Archives for category: Others

A musical rendition of what’s ahead: enjoy.


I rarely care for anniversaries: I barely remember my own birthday and I find weird to party on December 31st. But there are some dates that I hold dear: April 25th, Piazza Fontana … and the day I moved to the US.

il museo/presepe di pentema

La valigia di cartone — photo credits: maudanros

of places long gone and of places discovered


Settimana scorsa ci si aspettava neve, una soffiata leggera, un paio di centimetri, cinque al massimo, e tanto per far vedere che l’inverno sta arrivando, invece nella notte tra sabato e domenica prima di Halloween di centimetri ne sono caduti 30. Gli alberi ancora rigonfi delle foglie autunnali non hanno retto il peso e sono crollati sui marciapiedi, le strade, ed i cavi della luce che negli avanzatissimi Stati Uniti d’America non sono ancora sottoterra.
Domenica mattina l’aria era tersa ed insolitamente silenziosa; non si sentivano macchine o televisori in lontananza, anche il frigorifero era incredibilmente muto. La luce salta sovente da queste parti, solitamente perché un qualche ramo cade su un qualche cavo e devono sconnettere la corrente per poter pulire cavi e ramo, ma le strade vengono ripulite dalla neve nel giro di poche ore. Ho preso la macchina sperando che a Northampton ci fosse la luce, ma i semafori spenti ovunque e l’assenza di luci nelle malls non mi davano molte speranze; una volta a Northampton non c’era nulla di aperto, persino Starbucks era chiuso. Ho preso l’occasione per documentare una nevicata impossibile e lo strano contrasto delle foglie rosse dell’autunno sul bianco della neve.

Le foto le trovate in questo set su flickr. (Ad oggi, 5 novembre, sto ancora scegliendo e sistemando le foto: nei prossimi giorni dovrebbero apparirne altre.)

[running] per mantenere il tema di questo blog, un annuncio: in un attimo di pura, assurda follia mi sono registrato per la Maratona di Berlino 2012. E sono certo che questo mi porterà sfiga con il recupero dalla tendinite — continuiamo a tenere le dita debitamente incrociate.

An exceptional white and orange landscape.

The exceptionality of last week snow-fall and subsequent week-long power outage (for some; I was one of the lucky few to have power restored Sunday night) demanded its own set on flickr. I’m still post-processing the photos took last Sunday and more will come up on the next few days.


Don’t you ever miss Bushisms now that Obama is in the third year of his first term? Italy is here to help!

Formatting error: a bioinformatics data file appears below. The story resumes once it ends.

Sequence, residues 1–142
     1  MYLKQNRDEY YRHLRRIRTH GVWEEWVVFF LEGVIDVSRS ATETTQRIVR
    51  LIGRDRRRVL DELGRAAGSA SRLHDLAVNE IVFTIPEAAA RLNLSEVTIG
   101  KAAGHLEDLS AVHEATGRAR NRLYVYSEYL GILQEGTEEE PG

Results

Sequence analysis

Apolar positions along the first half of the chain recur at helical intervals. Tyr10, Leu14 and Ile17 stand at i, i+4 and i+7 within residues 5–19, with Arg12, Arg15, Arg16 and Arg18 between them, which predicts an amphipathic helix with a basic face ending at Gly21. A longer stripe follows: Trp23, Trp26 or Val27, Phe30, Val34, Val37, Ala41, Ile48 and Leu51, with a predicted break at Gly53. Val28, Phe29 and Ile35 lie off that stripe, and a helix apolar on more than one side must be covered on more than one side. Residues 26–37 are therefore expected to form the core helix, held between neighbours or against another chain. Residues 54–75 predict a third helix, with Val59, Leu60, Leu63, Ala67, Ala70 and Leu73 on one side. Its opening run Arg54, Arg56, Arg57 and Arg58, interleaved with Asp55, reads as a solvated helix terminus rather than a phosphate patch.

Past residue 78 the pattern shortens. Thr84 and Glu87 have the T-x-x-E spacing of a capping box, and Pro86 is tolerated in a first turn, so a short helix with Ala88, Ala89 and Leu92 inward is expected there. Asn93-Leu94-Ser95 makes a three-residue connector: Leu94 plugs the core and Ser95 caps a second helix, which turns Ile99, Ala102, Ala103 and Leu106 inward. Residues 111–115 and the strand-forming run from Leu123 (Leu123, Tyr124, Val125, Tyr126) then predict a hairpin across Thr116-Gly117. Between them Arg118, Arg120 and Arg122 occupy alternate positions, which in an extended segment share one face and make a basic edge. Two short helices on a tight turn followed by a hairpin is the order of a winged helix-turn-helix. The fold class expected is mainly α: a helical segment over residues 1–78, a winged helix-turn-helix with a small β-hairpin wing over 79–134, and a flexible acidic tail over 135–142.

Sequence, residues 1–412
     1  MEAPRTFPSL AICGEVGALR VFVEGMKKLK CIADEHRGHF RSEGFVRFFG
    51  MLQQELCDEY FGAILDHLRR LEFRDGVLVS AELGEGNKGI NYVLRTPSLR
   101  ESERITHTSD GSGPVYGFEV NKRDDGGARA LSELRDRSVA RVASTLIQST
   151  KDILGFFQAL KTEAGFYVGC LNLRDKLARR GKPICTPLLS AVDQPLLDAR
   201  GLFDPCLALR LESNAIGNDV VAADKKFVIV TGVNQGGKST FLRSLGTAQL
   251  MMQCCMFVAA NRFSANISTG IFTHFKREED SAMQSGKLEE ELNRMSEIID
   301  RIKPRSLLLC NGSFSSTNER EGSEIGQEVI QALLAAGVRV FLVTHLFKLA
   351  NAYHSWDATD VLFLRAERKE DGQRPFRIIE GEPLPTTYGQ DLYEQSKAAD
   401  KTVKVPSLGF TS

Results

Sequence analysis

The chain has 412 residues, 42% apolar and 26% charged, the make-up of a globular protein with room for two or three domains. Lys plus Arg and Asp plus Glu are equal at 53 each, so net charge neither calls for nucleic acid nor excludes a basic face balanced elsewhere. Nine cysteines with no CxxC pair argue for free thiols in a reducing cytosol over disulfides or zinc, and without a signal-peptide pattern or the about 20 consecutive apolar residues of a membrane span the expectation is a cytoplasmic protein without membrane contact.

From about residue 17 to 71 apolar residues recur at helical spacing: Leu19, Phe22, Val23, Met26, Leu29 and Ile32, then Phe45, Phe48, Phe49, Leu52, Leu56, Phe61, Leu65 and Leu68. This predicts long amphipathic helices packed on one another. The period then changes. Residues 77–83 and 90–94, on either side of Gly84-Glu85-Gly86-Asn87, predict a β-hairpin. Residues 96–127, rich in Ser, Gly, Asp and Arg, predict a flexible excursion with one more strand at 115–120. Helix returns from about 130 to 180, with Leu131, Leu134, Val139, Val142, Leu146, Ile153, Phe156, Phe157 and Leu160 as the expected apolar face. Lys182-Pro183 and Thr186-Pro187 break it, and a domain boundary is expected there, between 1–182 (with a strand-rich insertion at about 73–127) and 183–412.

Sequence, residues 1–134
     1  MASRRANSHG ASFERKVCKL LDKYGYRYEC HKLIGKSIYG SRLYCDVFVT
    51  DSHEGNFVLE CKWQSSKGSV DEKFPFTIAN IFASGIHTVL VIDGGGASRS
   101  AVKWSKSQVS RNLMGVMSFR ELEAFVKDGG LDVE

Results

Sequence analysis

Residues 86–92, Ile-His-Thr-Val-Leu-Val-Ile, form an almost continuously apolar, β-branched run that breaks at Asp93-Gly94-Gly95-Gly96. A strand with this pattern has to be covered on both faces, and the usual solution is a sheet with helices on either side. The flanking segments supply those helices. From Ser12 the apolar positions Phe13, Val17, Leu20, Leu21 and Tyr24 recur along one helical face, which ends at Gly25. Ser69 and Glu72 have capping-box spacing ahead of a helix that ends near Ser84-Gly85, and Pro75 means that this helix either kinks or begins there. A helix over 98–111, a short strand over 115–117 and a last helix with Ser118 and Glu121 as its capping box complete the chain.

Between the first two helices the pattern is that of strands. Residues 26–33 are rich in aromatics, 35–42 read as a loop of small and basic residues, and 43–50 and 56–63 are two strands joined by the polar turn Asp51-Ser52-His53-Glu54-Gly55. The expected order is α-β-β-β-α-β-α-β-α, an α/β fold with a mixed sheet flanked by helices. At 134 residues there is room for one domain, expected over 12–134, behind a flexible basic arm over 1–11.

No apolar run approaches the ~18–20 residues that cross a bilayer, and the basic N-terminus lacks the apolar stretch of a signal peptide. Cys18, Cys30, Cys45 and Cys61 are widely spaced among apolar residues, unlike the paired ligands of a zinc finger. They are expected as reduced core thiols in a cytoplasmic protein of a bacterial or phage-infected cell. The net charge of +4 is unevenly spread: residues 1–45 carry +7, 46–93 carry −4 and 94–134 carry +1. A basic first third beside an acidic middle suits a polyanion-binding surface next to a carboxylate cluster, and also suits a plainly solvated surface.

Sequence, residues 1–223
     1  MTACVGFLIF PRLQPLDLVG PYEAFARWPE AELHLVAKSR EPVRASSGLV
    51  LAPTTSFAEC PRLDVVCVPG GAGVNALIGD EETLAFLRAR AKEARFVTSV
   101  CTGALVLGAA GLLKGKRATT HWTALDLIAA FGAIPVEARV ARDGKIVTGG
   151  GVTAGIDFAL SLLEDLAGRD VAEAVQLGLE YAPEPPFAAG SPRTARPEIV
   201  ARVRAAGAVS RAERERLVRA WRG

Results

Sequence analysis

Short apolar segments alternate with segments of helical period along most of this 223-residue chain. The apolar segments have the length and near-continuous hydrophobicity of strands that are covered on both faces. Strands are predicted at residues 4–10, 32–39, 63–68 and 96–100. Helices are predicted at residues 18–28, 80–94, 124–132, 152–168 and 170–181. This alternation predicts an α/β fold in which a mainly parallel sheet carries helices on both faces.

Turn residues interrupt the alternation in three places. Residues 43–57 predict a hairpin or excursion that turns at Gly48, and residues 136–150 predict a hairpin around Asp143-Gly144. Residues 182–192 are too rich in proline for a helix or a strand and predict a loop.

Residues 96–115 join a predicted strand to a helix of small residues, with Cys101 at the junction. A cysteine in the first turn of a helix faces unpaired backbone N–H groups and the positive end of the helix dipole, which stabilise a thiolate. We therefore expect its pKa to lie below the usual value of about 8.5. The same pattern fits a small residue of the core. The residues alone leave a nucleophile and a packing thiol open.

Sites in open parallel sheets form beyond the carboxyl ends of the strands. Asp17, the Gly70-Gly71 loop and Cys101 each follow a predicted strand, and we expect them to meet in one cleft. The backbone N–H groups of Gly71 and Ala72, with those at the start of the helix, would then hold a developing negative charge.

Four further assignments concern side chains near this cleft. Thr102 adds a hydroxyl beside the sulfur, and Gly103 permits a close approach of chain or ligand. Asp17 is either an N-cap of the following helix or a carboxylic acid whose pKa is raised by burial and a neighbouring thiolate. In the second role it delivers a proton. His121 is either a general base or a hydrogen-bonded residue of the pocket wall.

You may have already heard of the OPERA experiment that claims to have found neutrinos traveling faster than light; it would be a pretty serious headache for particle physics, were the experiment confirmed. (I personally doubt it will, and suspect some systematic was not accounted for; in the next days, I will try to find time to read the “official” paper which is freely available on the arXiv.)
This morning the Italian social media was in a frenzy for the official press release (the cowards purged it from their site) from the Italian Minister of Education, Universities and Research, Mariastella Gelmini, wherein they call for epochal victories and claim a tunnel was built between the CERN in Geneva and Gran Sasso near Rome. The experiment has to be confirmed and reproduced elsewhere before calling for victories and the bit about the tunnel being built is so laughable — neutrinos travel through solid rock like light through a clear glass, actually even better — that it would have been a shame to to leave the press release in Italian and to not share it with the world at large: here’s my translation (the original is written in the affected formal Italian which is difficult to render in English)

I would like to applaud and to communicate my most sincere congratulations to the authors of a historical experiment. I am profoundly grateful to all the Italian researchers who had contributed to an event that will change the shape of modern physics.
The crossing of the speed of light limit is a momentous victory for the scientific research on Earth.

To the construction of the tunnel between the CERN and the Gran Sasso laboratories, through which the experiment has taken place, Italy contributed with an appropriation of around 45 millions euro.